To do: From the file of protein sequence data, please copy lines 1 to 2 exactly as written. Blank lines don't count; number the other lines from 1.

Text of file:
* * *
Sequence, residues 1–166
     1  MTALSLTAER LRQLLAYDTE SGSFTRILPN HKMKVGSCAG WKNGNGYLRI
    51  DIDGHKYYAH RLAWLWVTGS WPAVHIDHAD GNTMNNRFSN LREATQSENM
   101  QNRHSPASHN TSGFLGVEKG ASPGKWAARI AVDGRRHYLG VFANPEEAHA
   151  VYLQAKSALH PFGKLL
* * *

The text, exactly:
Sequence, residues 1–166
     1  MTALSLTAER LRQLLAYDTE SGSFTRILPN HKMKVGSCAG WKNGNGYLRI